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UNIT 7

Saltland Toolbox

 

7.1  Saltland Capability

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‘Saltland’ explained

Although ‘saltland’ is clearly affected by salinity, it is often affected by other stresses: foremost amongst these is waterlogging, but saltland can also be affected by soil texture, extremes of pH, cemented pans in the soil, etc.

Salinity - All soils contain salts of various types. It is not until these salts build up in the soil to the extent that sensitive plants begin to be affected by the salt (most commonly sodium chloride) that land enters our classification of ‘saltland’.

In Table 7.3 land is described as ‘non-saline’ if it has a subsoil (25 - 50 cm) ECe (electrical conductivity of the saturated soil extract) of less than 2 dS/m. In general terms, as the salinity increases (ie as the ECe value increases) then the growth potential for both salt-sensitive and salt-tolerant plants declines. This happens quickly for salt sensitive plants, and more slowly for salt tolerant ones.

However, what plants will actually survive, and how much they will grow in a particular salt-affected soil is only partly determined by the actual salinity level in the soil. The other key factors that affect plant growth at a saline site include:

  1. Waterlogging – waterlogging reduces the oxygen available to plant roots, reducing the energy available in the roots to prevent uptake of salts. Some plants can be highly tolerant of soil salinity, but susceptible to waterlogging – old man saltbush is a good example of this. In general, the combination of salinity and waterlogging or inundation is far more damaging to plants than one or the other stress acting independently.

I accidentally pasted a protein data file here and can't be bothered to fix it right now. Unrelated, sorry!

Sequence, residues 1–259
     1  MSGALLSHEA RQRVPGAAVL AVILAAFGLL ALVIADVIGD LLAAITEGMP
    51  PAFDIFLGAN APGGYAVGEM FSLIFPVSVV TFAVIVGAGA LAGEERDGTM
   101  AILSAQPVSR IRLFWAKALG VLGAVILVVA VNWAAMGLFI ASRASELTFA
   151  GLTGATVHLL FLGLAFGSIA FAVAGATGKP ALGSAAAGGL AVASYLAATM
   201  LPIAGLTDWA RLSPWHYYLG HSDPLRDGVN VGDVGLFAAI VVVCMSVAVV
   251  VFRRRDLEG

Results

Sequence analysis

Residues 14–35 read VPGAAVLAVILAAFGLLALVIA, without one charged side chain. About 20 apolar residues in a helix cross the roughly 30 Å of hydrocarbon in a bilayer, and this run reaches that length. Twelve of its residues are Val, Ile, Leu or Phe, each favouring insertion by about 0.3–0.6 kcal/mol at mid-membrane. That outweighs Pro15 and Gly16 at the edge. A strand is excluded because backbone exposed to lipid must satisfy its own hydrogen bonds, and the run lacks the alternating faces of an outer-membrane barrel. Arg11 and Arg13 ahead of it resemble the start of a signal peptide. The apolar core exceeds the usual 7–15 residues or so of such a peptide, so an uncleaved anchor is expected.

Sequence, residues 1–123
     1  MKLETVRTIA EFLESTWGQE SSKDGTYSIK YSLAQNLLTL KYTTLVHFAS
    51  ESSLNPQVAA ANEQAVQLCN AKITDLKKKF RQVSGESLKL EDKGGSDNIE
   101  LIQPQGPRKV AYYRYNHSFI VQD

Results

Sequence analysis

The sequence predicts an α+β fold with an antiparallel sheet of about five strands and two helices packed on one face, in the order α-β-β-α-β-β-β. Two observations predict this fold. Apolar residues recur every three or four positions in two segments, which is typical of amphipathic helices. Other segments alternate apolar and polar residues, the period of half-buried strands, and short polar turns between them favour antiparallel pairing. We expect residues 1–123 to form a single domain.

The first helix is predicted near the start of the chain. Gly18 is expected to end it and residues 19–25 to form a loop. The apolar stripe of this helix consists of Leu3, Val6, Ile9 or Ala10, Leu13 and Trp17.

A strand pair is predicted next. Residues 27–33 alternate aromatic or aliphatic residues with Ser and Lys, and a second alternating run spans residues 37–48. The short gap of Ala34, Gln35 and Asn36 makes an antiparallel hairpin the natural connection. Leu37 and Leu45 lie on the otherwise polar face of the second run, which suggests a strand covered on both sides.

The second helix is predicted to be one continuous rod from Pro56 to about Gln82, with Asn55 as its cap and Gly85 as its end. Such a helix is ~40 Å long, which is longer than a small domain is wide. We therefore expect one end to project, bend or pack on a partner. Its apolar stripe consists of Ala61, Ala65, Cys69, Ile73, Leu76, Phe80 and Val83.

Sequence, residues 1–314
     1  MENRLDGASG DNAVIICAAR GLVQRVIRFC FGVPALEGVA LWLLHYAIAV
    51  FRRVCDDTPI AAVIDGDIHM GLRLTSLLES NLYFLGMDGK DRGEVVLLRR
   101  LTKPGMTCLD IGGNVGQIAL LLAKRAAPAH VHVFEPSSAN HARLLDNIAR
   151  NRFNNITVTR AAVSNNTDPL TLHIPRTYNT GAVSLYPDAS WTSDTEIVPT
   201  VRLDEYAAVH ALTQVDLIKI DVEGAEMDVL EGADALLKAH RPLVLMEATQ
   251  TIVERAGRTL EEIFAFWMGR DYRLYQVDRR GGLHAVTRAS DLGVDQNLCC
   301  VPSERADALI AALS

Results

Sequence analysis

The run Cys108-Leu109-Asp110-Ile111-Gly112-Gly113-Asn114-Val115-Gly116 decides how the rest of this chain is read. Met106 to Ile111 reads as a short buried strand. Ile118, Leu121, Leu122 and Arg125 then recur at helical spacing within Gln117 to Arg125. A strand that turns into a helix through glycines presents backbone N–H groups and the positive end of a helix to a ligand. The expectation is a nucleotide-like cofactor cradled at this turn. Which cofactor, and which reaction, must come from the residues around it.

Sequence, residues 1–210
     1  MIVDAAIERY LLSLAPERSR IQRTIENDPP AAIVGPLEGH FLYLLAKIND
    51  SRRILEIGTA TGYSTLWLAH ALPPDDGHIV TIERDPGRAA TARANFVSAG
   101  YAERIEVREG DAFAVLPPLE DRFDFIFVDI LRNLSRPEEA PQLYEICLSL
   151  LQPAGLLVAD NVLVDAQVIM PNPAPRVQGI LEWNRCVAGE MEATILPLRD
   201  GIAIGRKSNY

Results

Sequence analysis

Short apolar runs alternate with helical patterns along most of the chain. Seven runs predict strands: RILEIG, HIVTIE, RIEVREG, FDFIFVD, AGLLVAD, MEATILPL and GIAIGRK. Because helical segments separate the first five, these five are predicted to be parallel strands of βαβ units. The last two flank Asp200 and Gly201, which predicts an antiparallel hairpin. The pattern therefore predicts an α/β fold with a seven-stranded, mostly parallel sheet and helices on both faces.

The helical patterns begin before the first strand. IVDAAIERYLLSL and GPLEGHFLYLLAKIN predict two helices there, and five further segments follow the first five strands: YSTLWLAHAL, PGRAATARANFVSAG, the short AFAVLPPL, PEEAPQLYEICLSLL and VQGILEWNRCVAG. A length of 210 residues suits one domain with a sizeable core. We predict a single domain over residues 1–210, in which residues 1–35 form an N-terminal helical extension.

2. Soil texture – it is more difficult for plants to extract water from clay soils, compared to sandy soils. Salt in soils has the effect of making it more difficult for plant roots to extract water because of the osmotic attraction between salt and water molecules. It is not surprising then that with similar soil salinities and depths to the watertable, plants are more severely affected in clay soils than in sandy soils. In Western Australia, a rule of thumb is that in sandy soils saltbush can be established from seed, while in clay soils, nursery-raised seedlings must be used because the conditions are more difficult.
  3. Seasonal variability - On sandy soils salinity will reach a peak in summer - autumn and then with the break in the season, salt will leach down the profile so that  the topsoil is relatively fresh. Under these circumstances balansa clover and other salt sensitive species can be grown successfully. Short season cultivars have been developed so that the balansa can flower and set seed before the soil salinity increases in spring.

In an attempt to develop and implement a common language for salt-affected land, the CRC Salinity introduced the concept of ‘saltland capability’.

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Saltland capability

‘Saltland capability’ refers to the specific ability of a salt-affected site to support plant growth year on year. Saltland capability is mostly affected by the levels of salinity and waterlogging on the site.

In general, we can distinguish between three levels of capability:

  • Saltland of high capability will have many options for productive systems, the severity of salinity and/or waterlogging will low to moderate, and the profitability of saltland pastures will be relatively high.
     
  • Saltland of moderate capability will have more limited options for productive systems, the severity of salinity and/or waterlogging will be moderate, and the profitability of saltland pastures will be low.
     
  • Saltland of low capability will generally not be suited to the growth of saltland pastures, the severity of salinity and/or waterlogging will be high to extreme, and the best option for this land will be to fence it off and allow it to revegetate naturally.

If one site is more hostile to plant growth than another, it is defined as having a lower saltland capability, regardless of whether that capability is most severely limited by salinity, or by combinations of salinity, waterlogging and soil texture.